Kymeta, Panasonic Deal Brings Unique Antenna on Board: M-SAT Technology to Impact Commercial and Private Vessels

We’ve moved past signal flags, but maritime communications still lag behind the wireless technologies available on the mainland. In the ever-innovating tech industry, however, where there is lack, there is potential. Last month, Bill Gates-backed metamaterials surface antenna technology (M-SAT) innovator Kymeta Corp. successfully tested a unique satellite antenna that is a fraction of the size of the models ships currently use. This month, Panasonic Avionics Corp. picked up the design for its maritime terminals.

Original Metamaterial Surface Antenna Mounted On Ships

Unlike older models – dome-shaped colossuses that must be installed in vessels by crane – the Kymeta model is about the size and shape of a stop sign. In fact, the flat, thin design is light enough to be carried on the ship and installed by hand. Despite its relatively miniature size, the Kymeta model can pick up satellite signals as well as the 200 pound maritime models that came before it. On land, antennas are typically stationary, but, at sea, antennas must acquire and track satellite signals from a moving base. Kymeta testing conducted last month found that its new model is powerful enough to maintain a connection over at least an 8,000 mile journey.

Kymeta Model

Panasonic will install maritime terminals incorporating the Kymeta antennas in thousands of vessels beginning in 2017. Thanks to the new lightweight antenna, these terminals will be easier to install and to replace than older models. The new lightweight technology will also bring reliable satellite communication and internet accessibility to a wider range of vessels than ever before.

On the open seas, satellite is the only widely available internet connection. While, due in part to a latency of between 500 and 1500 milliseconds, satellite lags behind cable and DSL connections on land, satellite sets the speed limit offshore where wireline connections are impossible.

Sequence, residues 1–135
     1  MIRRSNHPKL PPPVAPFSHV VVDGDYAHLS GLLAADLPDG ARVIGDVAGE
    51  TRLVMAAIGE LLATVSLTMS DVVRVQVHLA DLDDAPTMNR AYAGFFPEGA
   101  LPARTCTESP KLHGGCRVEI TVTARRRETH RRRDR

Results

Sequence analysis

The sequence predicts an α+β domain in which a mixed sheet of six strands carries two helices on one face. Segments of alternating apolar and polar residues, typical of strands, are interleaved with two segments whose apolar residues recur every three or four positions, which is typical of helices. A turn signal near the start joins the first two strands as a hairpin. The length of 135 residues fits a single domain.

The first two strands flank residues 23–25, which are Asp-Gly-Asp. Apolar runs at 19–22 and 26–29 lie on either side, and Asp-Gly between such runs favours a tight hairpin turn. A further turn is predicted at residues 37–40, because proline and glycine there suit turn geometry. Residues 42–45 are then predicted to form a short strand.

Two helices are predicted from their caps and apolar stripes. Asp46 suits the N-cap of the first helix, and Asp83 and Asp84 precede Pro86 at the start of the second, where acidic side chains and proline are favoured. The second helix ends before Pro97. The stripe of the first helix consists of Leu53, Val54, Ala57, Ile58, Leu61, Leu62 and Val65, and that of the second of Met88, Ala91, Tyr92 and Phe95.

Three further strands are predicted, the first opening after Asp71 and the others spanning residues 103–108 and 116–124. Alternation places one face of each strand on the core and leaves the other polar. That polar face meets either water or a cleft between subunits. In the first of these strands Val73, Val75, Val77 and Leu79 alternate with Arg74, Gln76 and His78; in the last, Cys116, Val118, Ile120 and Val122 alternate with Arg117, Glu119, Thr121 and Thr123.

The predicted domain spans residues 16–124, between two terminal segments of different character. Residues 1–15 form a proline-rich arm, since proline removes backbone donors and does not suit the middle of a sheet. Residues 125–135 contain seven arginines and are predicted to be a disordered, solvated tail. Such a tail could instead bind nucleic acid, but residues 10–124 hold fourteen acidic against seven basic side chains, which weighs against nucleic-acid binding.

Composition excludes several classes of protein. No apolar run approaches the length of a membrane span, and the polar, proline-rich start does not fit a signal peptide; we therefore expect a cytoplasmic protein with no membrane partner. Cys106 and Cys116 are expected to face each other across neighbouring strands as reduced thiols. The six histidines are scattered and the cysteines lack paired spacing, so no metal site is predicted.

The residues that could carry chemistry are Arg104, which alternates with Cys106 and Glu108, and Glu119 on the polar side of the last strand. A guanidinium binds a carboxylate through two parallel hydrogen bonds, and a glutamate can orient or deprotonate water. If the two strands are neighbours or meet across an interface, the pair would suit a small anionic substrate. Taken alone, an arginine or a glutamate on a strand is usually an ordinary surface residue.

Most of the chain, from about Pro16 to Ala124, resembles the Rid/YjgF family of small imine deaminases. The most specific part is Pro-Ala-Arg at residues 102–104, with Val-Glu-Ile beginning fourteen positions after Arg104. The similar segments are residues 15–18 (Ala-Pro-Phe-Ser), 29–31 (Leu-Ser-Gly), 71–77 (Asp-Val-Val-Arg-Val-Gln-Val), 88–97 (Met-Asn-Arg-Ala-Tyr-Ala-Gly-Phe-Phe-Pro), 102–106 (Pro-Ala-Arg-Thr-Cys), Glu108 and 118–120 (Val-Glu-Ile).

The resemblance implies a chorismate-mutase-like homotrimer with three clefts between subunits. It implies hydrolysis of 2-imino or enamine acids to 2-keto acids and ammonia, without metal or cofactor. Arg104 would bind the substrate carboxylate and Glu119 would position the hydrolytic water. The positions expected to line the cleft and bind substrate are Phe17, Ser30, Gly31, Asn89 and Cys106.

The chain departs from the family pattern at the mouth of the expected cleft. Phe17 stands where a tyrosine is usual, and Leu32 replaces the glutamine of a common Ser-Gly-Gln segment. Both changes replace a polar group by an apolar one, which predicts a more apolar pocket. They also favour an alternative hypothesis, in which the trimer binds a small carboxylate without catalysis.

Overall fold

With a download speed of between 5 and 15 Mbps and an upload speed of between 1 and 2 Mbps, today’s satellite internet is up to 270 times faster than dial-up. Despite its limitations (no real time gaming, for example), satellite internet supports normal online functions as well as video streaming, video conferencing, and VoIP.

Increased internet availability on the high seas, due to Kymeta’s M-SAT advancements, positively impacts both commercial and sport vessels. For commercial vessels, it is even possible to use a VPN with satellite Internet, although, because encrypted data is resistant to acceleration software, satellite speeds are half as fast with a VPN.

M-SAT technology uses arrays of new composite materials to enable consistent communication between a satellite and an antenna even when the antenna is in motion. As such, the technology is a crucial means to improving internet connectivity offshore.

The M-SAT innovator Kymeta Corp. is a favorite project of Microsoft Chairman Bill Gates, who is currently the company’s biggest funder. The company also receives funding – and legitimacy – from high-profile venture capital firms Lux Capital and Osage University Partners, from telecommunication company Liberty Global, and from The Kresge Foundation.

Stephen Kota

About Stephen Kota

Founder & Primary Author

Stephen enjoys photography, boating and gardening. He cares for pet Kois in his water garden.

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